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Health Psychol. 2002 Jan;21(1):16-24.

Cardiovascular reactivity during social and nonsocial stressors: do children's personal goals and expressive skills matter?

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Department of Psychology, Washington University, St Louis, Missouri 63130, USA.


The relationships between social competence and cardiovascular reactivity were evaluated in 180 children (ages 8-17; 52% female; 53% Caucasian). Participants performed a social task (Social Competence Interview [SCI]) and 2 nonsocial tasks while reactivity measures were obtained. Social competence was coded from SCI audiotapes. Among adolescents, higher scores on the Acceptance-Affiliation subscale were associated with increased heart rate (HR) and blood pressures and with decreased HR variability during the SCI. Among boys, greater Acceptance-Affiliation scores were associated with increased vascular reactivity during the SCI. During the nonsocial tasks, higher Self-Defensiveness and Expressiveness scores were associated with increased cardiac output and stroke volume among African American children. Personal strivings and expressive skills do matter for understanding cardiovascular responses in children.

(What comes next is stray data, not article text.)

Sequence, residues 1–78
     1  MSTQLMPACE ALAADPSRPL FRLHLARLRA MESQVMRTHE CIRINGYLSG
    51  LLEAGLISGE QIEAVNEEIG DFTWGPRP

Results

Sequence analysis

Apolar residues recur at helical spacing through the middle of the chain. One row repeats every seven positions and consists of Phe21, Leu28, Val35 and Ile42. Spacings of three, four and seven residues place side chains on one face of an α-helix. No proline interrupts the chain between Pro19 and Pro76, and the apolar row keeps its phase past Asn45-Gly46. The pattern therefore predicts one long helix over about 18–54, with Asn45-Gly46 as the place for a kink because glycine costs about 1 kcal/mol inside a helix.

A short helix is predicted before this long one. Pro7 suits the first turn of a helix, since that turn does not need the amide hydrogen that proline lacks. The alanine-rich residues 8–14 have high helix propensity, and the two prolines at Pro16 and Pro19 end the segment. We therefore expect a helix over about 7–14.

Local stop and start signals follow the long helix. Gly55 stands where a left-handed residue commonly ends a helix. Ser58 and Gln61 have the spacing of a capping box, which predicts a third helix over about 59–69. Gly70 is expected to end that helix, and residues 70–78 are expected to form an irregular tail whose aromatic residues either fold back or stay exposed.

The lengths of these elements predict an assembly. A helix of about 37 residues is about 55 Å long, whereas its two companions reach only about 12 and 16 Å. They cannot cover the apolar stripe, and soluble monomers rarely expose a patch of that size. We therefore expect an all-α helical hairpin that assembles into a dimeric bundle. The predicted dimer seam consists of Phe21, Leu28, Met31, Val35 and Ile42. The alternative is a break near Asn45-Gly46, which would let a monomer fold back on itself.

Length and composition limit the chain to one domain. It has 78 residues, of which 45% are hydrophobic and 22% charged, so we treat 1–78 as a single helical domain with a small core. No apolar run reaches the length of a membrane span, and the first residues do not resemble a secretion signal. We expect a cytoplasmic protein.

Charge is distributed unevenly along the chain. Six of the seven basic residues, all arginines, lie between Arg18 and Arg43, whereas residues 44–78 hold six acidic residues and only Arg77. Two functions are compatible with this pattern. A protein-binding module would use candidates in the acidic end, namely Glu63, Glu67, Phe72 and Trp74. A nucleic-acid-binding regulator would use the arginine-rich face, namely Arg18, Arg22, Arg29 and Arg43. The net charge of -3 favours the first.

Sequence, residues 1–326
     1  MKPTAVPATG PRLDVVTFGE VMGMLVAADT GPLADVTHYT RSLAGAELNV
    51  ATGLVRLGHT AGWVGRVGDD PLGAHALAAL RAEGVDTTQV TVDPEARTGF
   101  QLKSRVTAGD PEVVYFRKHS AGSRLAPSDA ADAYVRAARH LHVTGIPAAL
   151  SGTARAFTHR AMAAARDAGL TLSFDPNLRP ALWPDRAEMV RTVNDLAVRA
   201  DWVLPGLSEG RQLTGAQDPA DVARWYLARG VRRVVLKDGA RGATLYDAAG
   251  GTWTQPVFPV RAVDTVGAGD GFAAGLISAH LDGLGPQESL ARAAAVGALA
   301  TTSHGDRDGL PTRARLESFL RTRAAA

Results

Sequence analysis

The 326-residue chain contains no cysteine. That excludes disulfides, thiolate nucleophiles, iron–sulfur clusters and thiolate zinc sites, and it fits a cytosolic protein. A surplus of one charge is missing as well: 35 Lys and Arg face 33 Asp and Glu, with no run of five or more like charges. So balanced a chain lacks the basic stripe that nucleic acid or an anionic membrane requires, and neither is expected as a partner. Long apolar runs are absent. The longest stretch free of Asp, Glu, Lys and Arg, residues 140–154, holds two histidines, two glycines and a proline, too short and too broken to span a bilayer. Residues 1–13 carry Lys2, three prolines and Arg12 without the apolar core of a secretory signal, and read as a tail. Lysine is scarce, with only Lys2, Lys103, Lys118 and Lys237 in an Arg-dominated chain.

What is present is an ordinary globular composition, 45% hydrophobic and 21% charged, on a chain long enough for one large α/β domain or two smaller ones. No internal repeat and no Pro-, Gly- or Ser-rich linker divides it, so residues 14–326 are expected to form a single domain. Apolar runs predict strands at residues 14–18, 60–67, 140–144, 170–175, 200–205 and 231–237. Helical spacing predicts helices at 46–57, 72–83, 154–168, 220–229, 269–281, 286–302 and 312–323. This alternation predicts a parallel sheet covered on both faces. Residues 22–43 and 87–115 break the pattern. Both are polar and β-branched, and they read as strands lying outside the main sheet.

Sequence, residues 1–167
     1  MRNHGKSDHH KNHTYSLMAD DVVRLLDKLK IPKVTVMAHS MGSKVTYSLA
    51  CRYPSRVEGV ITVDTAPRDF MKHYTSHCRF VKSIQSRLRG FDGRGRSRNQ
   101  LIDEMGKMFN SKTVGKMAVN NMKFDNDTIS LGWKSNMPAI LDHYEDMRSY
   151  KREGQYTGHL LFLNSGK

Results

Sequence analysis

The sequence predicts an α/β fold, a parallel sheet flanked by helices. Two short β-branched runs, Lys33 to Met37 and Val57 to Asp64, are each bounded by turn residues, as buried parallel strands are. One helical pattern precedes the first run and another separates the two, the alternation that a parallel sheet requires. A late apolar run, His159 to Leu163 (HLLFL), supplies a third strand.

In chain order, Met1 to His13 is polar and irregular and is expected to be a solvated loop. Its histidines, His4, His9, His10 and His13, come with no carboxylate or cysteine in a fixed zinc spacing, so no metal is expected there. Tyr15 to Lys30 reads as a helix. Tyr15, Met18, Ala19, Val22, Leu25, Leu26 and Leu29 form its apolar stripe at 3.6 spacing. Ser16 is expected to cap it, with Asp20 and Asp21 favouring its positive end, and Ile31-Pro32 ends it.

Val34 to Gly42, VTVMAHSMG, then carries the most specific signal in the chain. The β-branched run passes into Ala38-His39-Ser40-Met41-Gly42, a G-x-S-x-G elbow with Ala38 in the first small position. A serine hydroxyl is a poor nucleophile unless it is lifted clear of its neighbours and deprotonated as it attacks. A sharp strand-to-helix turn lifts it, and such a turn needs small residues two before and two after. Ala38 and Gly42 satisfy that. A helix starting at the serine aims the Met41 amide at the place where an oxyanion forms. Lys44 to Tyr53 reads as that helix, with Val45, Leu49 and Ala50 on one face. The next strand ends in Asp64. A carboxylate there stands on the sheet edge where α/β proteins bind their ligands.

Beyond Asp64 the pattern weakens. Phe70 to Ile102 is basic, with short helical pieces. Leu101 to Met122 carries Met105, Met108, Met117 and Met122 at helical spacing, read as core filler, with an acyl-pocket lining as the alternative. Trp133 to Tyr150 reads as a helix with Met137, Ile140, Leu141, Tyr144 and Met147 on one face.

[Indexed for MEDLINE]

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